In the next few months, Africa’s most populous country and also her largest economy, Nigeria will get her first ever deep sea port, the Lekki Deep Seaport. When fully operational, as expected before the end of the year, the port would generate estimated 170,000 jobs and rake in revenues of about 201 billion US dollars to central and state governments through royalties, taxes and duties. The 17 meter draught Sea port constructed by one of the world biggest maritime engineering firm , China Harbor Engineering Corporation (CHEC) would reposition Nigeria as key maritime hub of the west and central African regions.
The Lekki Deep Seaport is a major artery in the network of infrastructure connectivity that is at the heart of China’s Belt and Road Initiative, (BRI), a framework of International Cooperation that also includes policy coordination, unimpeded trade, financial integration and deepening people to people contacts.
Launched as “silk road economic belt and 21st century maritime silk road” in 2013, Chinese leader, president Xi Jinping set out the framework to give concrete expression to the irreversible trend of globalization and generate win – win outcomes for all stake holders in the international community.
Nigeria and more than forty African countries have signed on to the international partnership of the Belt and Road Initiative and important projects of connectivity within Nigeria and other African countries, like Lekki Deep Seaport and others are clearly redefining the infrastructure landscape in Africa, helping to turn the abiding vision of Pan Africanism of an internally integrated and connected continent or region into a reality. Nearly ten years down the line, since President Xi Jinping announced the “Silk Road Economic Belt” at a university in Kazakhstan. And with its twin component, the “21st century Maritime Silk Road” in the Indonesian parliament in 2013, the framework has grown into a formidable international cooperation driven by “extensive consultations, joint contributions and shared benefits”.
For Africa, the Belt and Road Initiative has been a turning point, scaling up infrastructure construction and connectivity and giving the countries of the region, the advantage of the economies of scale. Trade within the region, given a boost and an institutional expression with the coming into operation of the Africa Continental Free Trade Area (AFCTA) has significantly improved. Trade with China, despite the disruptions of Covid 19 pandemic has remained resilient. China remained Africa’s leading and largest trading partner for 12 consecutive years in straight row. According to the General Administration of Customs of China, the total bilateral trade between China and Africa in 2021 reached 254.3 billion USD, up by 35.3% year on year. Within the period, Africa exported goods worth 105.9 billion (USD) to China, up by 43.7% year on year.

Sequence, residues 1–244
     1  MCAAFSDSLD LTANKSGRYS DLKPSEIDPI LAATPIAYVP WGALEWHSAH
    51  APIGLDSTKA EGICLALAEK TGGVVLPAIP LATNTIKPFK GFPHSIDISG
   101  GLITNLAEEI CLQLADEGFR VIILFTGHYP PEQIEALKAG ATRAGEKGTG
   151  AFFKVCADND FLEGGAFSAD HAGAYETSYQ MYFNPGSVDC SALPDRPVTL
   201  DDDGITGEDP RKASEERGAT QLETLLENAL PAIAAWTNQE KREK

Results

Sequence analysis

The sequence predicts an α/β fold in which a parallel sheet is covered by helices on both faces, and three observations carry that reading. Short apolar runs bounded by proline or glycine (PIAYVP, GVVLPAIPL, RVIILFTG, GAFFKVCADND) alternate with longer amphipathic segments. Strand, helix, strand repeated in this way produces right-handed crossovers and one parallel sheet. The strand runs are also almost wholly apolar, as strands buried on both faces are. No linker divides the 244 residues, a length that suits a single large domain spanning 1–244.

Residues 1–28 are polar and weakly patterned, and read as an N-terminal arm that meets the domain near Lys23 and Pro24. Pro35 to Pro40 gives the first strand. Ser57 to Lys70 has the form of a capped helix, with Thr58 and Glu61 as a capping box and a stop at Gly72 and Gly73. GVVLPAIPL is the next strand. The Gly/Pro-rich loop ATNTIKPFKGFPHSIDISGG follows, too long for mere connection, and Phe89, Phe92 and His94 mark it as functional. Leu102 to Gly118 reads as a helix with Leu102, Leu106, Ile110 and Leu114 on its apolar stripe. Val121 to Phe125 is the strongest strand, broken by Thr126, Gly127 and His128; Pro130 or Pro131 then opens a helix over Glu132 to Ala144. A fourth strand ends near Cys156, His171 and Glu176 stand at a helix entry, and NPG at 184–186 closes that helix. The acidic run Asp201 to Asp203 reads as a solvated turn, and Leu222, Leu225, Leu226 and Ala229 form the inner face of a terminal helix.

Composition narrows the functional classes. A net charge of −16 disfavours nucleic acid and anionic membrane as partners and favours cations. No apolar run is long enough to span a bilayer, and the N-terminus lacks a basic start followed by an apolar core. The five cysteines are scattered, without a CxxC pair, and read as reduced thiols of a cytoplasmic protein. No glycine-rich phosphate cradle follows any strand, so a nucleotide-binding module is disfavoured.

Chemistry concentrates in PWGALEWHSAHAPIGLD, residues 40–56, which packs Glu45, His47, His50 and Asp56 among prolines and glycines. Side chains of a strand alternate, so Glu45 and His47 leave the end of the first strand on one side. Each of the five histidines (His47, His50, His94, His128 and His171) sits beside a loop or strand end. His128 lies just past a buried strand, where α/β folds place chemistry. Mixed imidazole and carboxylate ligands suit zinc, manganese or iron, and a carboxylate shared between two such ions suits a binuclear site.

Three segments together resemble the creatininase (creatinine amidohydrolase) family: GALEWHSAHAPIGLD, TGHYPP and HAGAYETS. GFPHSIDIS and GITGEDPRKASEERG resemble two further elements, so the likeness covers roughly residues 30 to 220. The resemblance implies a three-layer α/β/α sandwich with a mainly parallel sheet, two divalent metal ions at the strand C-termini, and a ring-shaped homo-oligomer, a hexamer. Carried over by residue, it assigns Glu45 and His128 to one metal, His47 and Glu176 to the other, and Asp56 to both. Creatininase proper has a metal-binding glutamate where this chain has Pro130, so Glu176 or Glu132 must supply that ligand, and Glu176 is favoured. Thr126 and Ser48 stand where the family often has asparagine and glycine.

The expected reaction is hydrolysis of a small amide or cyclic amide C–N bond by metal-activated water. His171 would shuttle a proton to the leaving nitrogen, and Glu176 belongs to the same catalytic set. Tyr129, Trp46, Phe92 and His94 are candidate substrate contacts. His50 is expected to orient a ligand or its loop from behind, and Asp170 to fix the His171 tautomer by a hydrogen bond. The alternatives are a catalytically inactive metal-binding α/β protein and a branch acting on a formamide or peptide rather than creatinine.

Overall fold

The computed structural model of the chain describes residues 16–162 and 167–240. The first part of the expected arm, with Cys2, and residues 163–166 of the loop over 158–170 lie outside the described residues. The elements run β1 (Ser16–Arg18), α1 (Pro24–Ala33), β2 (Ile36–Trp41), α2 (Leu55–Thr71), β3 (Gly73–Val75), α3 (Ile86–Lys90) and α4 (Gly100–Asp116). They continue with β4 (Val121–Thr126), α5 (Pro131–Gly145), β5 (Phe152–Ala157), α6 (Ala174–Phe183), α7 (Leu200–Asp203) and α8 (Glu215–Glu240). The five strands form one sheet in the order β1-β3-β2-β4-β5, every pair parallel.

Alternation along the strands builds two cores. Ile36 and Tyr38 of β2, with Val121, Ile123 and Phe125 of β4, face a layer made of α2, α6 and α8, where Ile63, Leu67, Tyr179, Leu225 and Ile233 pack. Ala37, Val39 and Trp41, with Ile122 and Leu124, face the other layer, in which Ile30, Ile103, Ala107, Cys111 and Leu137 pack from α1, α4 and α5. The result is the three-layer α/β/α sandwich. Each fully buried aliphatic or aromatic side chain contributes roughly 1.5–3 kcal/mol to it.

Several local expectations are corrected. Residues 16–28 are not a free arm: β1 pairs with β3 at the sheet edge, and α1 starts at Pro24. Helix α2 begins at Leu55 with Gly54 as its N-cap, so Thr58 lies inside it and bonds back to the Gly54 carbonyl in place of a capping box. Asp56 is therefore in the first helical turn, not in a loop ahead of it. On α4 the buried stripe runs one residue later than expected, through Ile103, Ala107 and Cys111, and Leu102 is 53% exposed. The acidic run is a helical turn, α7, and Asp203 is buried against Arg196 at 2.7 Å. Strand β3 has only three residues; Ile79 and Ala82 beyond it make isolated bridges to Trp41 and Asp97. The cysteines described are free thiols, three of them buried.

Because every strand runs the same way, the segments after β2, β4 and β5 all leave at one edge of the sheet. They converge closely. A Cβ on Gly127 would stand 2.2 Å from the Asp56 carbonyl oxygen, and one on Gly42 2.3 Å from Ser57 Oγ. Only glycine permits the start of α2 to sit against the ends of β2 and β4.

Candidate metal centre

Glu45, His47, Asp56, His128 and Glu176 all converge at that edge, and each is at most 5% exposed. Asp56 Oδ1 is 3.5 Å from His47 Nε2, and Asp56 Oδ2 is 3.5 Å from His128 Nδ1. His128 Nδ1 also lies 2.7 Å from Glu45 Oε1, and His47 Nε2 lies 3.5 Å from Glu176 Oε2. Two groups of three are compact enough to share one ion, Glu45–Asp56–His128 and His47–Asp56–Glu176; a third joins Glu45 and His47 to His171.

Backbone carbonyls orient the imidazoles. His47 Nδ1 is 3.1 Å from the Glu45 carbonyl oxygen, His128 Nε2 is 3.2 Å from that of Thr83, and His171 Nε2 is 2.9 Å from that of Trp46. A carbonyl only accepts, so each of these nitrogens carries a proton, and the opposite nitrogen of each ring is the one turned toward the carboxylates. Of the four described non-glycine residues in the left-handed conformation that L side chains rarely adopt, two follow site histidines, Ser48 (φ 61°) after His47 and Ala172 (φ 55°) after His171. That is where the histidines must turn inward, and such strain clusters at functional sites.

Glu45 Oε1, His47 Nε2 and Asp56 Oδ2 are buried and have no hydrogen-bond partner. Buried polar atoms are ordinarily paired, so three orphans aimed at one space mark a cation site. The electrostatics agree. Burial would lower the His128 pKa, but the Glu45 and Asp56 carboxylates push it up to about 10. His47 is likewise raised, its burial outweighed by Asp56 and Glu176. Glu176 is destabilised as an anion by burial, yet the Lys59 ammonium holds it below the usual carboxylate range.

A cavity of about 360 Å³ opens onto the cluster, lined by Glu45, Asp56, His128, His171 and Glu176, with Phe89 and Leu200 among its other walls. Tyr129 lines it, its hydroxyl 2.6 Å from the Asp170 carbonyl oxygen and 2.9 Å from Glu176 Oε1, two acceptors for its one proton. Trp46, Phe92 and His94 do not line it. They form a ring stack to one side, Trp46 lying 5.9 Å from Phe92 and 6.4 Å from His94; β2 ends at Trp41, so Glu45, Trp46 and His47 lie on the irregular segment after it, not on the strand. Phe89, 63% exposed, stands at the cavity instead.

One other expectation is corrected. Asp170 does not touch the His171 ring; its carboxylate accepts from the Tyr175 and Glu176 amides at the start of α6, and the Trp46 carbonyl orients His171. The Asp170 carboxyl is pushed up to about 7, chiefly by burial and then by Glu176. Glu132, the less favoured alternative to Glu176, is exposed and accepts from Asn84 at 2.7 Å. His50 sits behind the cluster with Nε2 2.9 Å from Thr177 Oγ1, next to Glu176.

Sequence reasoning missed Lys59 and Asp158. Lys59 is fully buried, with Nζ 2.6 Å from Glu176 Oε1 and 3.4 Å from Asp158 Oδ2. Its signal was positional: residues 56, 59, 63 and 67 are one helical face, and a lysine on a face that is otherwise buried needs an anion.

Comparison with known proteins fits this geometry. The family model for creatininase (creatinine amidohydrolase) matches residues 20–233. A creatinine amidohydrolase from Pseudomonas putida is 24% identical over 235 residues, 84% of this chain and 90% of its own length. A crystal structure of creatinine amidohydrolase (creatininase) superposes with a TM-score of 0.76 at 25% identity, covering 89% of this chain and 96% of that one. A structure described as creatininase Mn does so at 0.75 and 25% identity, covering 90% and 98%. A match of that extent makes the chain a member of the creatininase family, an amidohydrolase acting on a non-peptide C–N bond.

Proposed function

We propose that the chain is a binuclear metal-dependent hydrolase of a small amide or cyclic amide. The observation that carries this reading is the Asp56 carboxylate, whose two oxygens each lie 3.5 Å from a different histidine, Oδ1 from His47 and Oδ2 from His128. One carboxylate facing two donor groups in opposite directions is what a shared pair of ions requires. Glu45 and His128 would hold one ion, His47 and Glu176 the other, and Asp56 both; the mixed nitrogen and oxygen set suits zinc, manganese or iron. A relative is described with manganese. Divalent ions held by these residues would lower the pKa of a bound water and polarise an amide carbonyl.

However, despite the tremendous increase in infrastructure construction and connectivity in Africa. African Development Bank estimates that the region requires an annual investment of about 100 billion USD to fill the gap in its infrastructure requirement.
Against this backdrop, the Group of Seven or G7 Industrialized nations recent meeting and unveiling of 600 billion USD global Infrastructure Initiative is worth some serious interrogation. Though extensively and widely believed to be designed to rival China’s Belt and Road Initiative, trimmed and streamlined from the earlier bogus Build Back Better World (B3W) outlined at the meeting of the G7 in 2021, it overreached itself with an ambitious agenda of 40 trillion USD in investment by 2035. A year later, reality set in with the G7 and the European Union Scaling down the projected infrastructure spending to 600 billion USD.
The United States will aim to mobilize a total of 200 billion USD for the Program over the next coming five years through a combination of federal financing and Private Sector Investment adding to 300 billion Euro already announced by the European Union. Other members are expected to make contributions to make the estimated 600 billion USD. The G7 Global Infrastructural Initiative announced by the Group at their summit in Germany in June this year combined the USB3W and the E.U, global Gateway announced in December 2021. The European Union has committed to mobilize investments of up to 300 billion Euros over a period covering 2021 to 2027.